Blu-ray and HD DVD are among the greatest things to happen to my little subculture, the audio/video community, since the debut of HDTV. They’re also among the most disappointing. Though most format wars originate in a scramble for licensing revenue, every one has its own trajectory. The one between SACD and DVD-Audio ended up killing both formats while leaving the obsolete CD format still standing—much to the disgust of high-end audiophiles hungry for something as good as vinyl. On the other hand, consumers were the true victors in the war between Beta and VHS. Sure, a lot of Betamax owners were left holding the bag. But the fierce competition steadily drove down VCR prices, and the mass-market success of the videocassette spurred on technologies like big-screen television and surround sound, driving the birth of home theater. Now home theater is a maturing category that needs to reinvent itself to stay fresh. Either Blu-ray or HD DVD could help by improving the quality of HDTV and surround sound, the two key elements of home theater. But only if they succeed. And so far, thanks to bad implementation and strategic mistakes, that hasn’t happened. Let’s Get Ready to Rumble (10) HDTV message not getting through. According to a recent study by the Consumer Electronics Association, 30 percent of U.S. households have an HDTV, but only 44 percent of those HDTV owners receive HD programming from various sources. These are the usual suspects: cable (66 percent), satellite (37 percent), off the air (8 percent), fiber-optic service (3 percent), and internet (3 percent). The quality of cable-delivered HDTV varies depending on how local operators deploy their limited bandwidth. Satellite-delivered HDTV is usually somewhat bit-starved, and Internet TV even more so. Antennas and fiber optics offer the best picture, but together they serve only 11 percent of HD-supplied viewers. So the vast majority of HDTV owners are either getting compromised HD signals or none at all. That should leave quite a large audience hankering for the true 1080p goodness of Blu-ray and HD DVD, wouldn’t you say? Yet these formats are still cryin’ in the rain. Clearly the message about their single biggest selling point isn’t getting through. (9) New surround codecs halfheartedly supported. Besides uncompromised HDTV, the other big advantage of these formats is their support for the new surround codecs. These include the lossless Dolby TrueHD and DTS-HD Master Audio, and the lossy but improved Dolby Digital Plus and DTS-HD High Resolution Audio. You can’t even get these next-generation codecs from cable, satellite, off the air, or any other source, at least for the time being. Yet despite having a de facto exclusive on them, many BD and HD DVD players support them haphazardly, if at all. So even if you buy a new receiver or pre-pro that supports next-gen surround, the player won’t necessarily pass the bitstream to the receiver. Some transcode to high-quality PCM. Others transcode to lower-quality legacy Dolby Digital or DTS. This is just scandalous. (8) Slow-to-boot and balky hardware. DVD player owners are used to nearly instant gratification. In contrast, my Pioneer BDP-HD1 Blu-ray and Toshiba HD-A2 HD DVD players take about 50 and 35 seconds to boot up respectively. Believe it or not, they’re speed demons relative to some older product. Toshiba’s first-generation players reportedly took a solid minute. This may be the inevitable result of cramming a lot of sophisticated video processing into products representing new formats that are fighting cost-competitively for their survival. But the initial user experience is distinctly irksome. What are you supposed to do, go off and make a cup of tea while your player boots up? Heaven forbid you don’t remember to hit the power button long before guests sit down for a movie. Oh, and neither of my new players can fast-scan a DVD in forward or reverse nearly as speedily and responsively as any DVD player I’ve ever used. (7) DVD is not as bad as VHS was. The picture-quality differential between VHS and DVD was huge. You could see it on an HDTV, an SDTV, or an analog TV. Of any size. With one eye shut and dirty eyeglasses. In contrast, the performance gap between standard-definition DVD and the two high-def formats is not as great. DVD doesn’t have nearly as much resolution as BD and HD DVD, of course, and this becomes obvious on the largest screens, but it’s not as painful to watch as VHS. A DVD player that upconverts to HD, or even one that outputs 480p with really good video processing, can produce quite a convincing picture. You could probably tell your neighbors it’s HD and fool two out of three of them. (6) DVD is not as clumsy as VHS was. Consumers couldn’t wait to get rid of their clunky VHS tapes. Videocassettes hogged shelf space, needed rewinding, and broke hearts when a favorite tape got eaten by a rogue VCR. Replacing them with five-inch discs that last forever (with proper handling) was a no-brainer, especially since the change in form factor recalled the LP-to-CD transition. But, reasons the hardheaded consumer, why should I replace one five-inch disc with another? Sure, you might answer that the picture and sound are better. But if you try to explain why using knotty alphanumeric descriptions (1080p/24fps) and marketing monikers (Dolby TrueHD—“what, another Dolby?”) these folks remain unconvinced. Form factor is a powerful persuader. That’s why so many near-technophobes have bought flat-panel TVs. But Blu-ray and HD DVD have absolutely nothing new to offer in this category. To the uninitiated, they’re just two more five-inch disc formats. (5) Blu-ray’s interactivity blunder. I’ll aim one item of abuse specifically at each format. Blu-ray’s glass jaw is interactivity. The BD Java standard was adopted just recently and applies only to players marketed after October 31, 2007. Older players lack the requisite network connection and onboard memory. As a result, interactive features on Blu-ray discs won’t play on older hardware. Some manufacturers added insult to injury by rush-releasing players before deadline to avoid compliance with the new standard. HD DVD avoided this blunder by adopting Microsoft’s HDi standard, and requiring its implementation, early in the game. (4) HD DVD’s software drought. Though neither format is as well-distributed as it should be, Blu-ray has a slight advantage in software. My number-one source for disc programming is the local Blockbuster. I can walk there in 10 minutes. So it was a little disheartening to learn that Blockbuster would support only Blu-ray in 1450 additional stores, leaving HD DVD and Blu-ray together only in the original 250 test-market stores. When I go to my local B’buster, the BD selection looks paltry, but the HD DVD selection is nonexistent. I’d rather not do business with Netflix because I like the spontaneity of renting in the nabe. While HD DVD recently nailed exclusive deals with Paramount and DreamWorks, using promotional lucre as bait, these deals are good only for 18 months—as the Blu-ray people never tire of pointing out. (3) New-title availability, back-catalogue depth, and boxed-set values. Regardless of where you get your software, DVD still rules here. If your cinematic taste goes beyond the latest no-brain mega-budget movies, a lot of the foreign and other titles you crave are still available only on DVD. Want to collect the complete works of Alfred Hitchcock? DVD is the only way to go (assuming laserdiscs and VHS are no longer good enough). And, HD DVD’s Star Trek coup notwithstanding, most of the mind-blowing boxed sets that have graced DVD’s cornucopian autumnal phase have yet to materialize in the new formats. No intelligent life on this software planet—beam me up, Scotty. (2) Video downloads are coming. In the present tense, HD DVD and Blu-ray are—at their best—state of the art. But they’re just big ol’ bit buckets that hold advanced video and audio codecs. Any other bit bucket that delivers the same number of bits (or even somewhat less if you don’t need the interactive stuff) can deliver the same video and audio quality. So it’s legitimate to ask how long these high-quality formats will last, especially since they’re having so much trouble gaining traction in the first place. The main reason they haven’t already gotten blown out of the water is the sorry state of broadband in the United States. That window of opportunity won’t be open forever. If BD and HD DVD don’t hit big during the year-end holiday shopping rush, they may be done for. (1) It’s the format war, stupid. But you knew that already. Mark Fleischmann is the author of the annually updated book Practical Home Theater.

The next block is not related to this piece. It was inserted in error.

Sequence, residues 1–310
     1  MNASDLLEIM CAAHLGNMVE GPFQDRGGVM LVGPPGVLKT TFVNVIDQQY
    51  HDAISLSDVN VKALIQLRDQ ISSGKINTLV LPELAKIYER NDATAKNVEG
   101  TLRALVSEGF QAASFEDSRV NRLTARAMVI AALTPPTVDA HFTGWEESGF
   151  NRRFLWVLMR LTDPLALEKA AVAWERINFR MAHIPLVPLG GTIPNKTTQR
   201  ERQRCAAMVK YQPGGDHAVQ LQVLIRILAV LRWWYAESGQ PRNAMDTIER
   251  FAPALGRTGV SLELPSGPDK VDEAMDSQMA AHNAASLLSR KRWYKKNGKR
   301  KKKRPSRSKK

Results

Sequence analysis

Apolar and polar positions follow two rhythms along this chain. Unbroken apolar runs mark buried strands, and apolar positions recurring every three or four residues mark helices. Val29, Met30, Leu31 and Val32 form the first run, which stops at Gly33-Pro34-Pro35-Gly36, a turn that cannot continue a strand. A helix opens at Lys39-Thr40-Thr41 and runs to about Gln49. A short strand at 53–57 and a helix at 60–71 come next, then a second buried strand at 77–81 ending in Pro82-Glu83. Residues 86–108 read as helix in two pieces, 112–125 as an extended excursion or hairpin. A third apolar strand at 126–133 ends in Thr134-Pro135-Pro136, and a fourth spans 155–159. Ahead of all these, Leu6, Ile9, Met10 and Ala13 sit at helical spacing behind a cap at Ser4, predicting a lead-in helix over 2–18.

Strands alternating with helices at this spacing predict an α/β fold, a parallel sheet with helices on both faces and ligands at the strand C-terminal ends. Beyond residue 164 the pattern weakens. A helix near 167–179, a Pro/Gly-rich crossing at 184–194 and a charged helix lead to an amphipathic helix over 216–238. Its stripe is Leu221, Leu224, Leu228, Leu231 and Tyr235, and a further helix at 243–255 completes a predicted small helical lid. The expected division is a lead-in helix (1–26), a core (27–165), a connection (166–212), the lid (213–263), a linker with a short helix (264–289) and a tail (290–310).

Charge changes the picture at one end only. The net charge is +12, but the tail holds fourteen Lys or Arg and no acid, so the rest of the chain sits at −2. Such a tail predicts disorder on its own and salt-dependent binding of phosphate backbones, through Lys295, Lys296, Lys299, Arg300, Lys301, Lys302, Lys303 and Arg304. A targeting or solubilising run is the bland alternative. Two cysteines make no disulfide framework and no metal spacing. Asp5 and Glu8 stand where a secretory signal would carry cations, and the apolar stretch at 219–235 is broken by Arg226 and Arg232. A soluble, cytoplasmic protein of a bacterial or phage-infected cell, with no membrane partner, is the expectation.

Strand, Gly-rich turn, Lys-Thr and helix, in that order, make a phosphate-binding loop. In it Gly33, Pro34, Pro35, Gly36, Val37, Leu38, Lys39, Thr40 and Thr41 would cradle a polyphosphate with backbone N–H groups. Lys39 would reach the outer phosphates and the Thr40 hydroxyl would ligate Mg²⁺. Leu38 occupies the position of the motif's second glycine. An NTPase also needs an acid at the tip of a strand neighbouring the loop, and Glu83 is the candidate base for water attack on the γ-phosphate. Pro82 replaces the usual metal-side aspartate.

The views expressed here are solely those of the author and do not reflect the beliefs of Digital Trends.